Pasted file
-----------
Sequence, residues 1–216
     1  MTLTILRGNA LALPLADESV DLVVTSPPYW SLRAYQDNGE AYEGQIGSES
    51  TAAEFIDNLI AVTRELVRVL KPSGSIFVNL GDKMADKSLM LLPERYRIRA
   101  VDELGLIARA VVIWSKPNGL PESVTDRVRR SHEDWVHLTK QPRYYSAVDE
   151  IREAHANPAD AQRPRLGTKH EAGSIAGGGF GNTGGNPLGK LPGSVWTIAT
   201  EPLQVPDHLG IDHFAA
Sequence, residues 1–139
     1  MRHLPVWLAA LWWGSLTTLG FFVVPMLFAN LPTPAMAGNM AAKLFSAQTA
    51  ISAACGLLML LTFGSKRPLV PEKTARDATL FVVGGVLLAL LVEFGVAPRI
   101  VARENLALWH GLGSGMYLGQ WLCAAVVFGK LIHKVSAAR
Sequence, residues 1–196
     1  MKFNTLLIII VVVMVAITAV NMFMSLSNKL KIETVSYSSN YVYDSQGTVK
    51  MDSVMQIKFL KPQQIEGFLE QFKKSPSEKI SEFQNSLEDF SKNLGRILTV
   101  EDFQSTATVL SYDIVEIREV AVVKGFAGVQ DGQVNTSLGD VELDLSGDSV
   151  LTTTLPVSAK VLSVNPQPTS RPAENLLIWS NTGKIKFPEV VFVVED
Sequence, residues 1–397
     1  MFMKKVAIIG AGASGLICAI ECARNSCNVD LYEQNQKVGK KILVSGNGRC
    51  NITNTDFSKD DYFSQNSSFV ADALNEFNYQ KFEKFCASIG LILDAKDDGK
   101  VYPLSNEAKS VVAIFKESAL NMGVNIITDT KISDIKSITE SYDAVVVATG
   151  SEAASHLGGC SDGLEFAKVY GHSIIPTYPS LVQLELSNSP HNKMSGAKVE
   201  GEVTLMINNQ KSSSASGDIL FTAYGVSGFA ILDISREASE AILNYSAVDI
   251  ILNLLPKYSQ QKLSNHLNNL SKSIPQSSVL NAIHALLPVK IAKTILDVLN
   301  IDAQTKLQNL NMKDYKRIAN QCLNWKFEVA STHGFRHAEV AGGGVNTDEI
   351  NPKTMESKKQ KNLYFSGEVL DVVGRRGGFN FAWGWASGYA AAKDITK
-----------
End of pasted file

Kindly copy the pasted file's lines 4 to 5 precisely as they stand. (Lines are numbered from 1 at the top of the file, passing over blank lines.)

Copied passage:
   101  VDELGLIARA VVIWSKPNGL PESVTDRVRR SHEDWVHLTK QPRYYSAVDE
   151  IREAHANPAD AQRPRLGTKH EAGSIAGGGF GNTGGNPLGK LPGSVWTIAT